SMART GROWTH/DUMB GROWTH: Leveraging Our Creative Capital

 

The good news: Sarasota and Bradenton both made the fifth edition of John Villani’s The 100 Best Art Towns in America: A Guide to Galleries, Museums, Festivals, Lodging and Dining. The not-so-good news: 98 other towns out there are marketing their arts and culture to attract the artsy, affluent tourists and residents everyone wants. We talked to Villani about our success as an arts destination.

How competitive is it to market a region as an arts capital?

Who are we competing with?

You mentioned government support. Is it essential to access public dollars?

What types of initiatives are working?

Does that mean our region’s reliance on wealthy arts patrons is risky?

But the arts have to redefine themselves as direct economic drivers of development and transition away from the black-tie and cocktail set and go into street-level approach of creating consciousness and pride. It’s great that the parties present opportunities for people to get dressed up and celebrate, but you have to have relevancy to the lives of the people in the community. That may be one way to make the transition away from benefactorship. Make the arts a vehicle of economic diversification. –Susan Burns

(You’re invited to attend our free Smart Growth/Dumb Growth panel discussion, "Leveraging Our Cultural Capital," 4-5:30 p.m. Tuesday, Dec. 8, at Selby Auditorium on the USF Sarasota-Manatee campus. Panelists include University of Michigan economist Donald Grimes, Sarasota Convention and Visitors Bureau president Virginia Haley, Realize Bradenton executive director Johnette Isham and Ringling College of Art and Design president Larry Thompson. See our December Planner, page 10, for RSVP information.)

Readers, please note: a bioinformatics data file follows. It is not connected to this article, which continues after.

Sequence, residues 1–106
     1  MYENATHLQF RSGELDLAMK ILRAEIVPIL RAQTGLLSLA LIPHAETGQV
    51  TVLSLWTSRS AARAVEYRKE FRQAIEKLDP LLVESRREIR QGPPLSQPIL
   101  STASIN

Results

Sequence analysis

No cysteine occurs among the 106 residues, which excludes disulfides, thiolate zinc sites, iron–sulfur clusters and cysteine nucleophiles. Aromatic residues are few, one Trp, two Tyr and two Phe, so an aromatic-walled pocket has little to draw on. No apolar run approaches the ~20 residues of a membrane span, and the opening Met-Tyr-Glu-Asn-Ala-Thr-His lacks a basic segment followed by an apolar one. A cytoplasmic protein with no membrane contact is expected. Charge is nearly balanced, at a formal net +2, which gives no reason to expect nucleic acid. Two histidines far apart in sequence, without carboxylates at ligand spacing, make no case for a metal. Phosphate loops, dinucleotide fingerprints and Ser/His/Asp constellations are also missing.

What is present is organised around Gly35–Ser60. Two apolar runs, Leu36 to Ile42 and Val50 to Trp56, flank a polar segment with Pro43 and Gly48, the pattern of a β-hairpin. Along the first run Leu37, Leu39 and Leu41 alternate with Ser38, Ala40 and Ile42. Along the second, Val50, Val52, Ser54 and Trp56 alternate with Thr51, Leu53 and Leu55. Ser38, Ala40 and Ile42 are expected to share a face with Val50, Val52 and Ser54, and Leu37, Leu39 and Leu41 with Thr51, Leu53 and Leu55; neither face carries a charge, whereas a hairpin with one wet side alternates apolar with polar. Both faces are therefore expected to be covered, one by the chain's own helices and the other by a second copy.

Sarasota is different. Many of these communities I mentioned don’t have the tradition of large benefactors and supporters spending at a high dollar level that you have in Sarasota. You have a lot in common with Santa Barbara. You have a gilded legacy of arts traditions that have resulted in an important infrastructure, a wonderful inventory of venues that allows arts organizations to flourish. That’s a tremendously important legacy. Art space projects such as converting warehouses into housing and creativity incubators. Minneapolis has been quite successful. Greenville, S.C., has done a very aggressive promotion as an arts community from public and private sources. In New Mexico there is a very aggressive, forward-thinking approach in investing in all levels of the arts and arts economy, and yet it’s a very large state with a low-per capita income. Yes, the spending and investment are coming from public coffers. The arts community needs to figure ways to marshal as a unified front [in front of] government in order to achieve the transition from private benefactors to public support. Hedge fund managers have dropped to the wayside. They’re not coming back. It’s time to shift gears and be aware that there is safety and sanity in numbers. Charleston, S.C., La Jolla, Calif., Scottsdale, Ariz., Santa Fe—you name it. You have to match up to peer communities that are benefactors of the arts.As more communities become more aware of the arts to expand the economy, the competition for arts tourism spending and for developing reputations as arts centers becomes much more intense. In Santa Fe, N.M., where I live, the state and local governments are very aware of how the arts drive not only tourism spending but also make the state a much more engaging place to live. The lifestyle of this state and the region is wrapped around access to the arts. We’d hate to see Utah and Texas do the same things we’re doing. It’s a very competitive marketplace.

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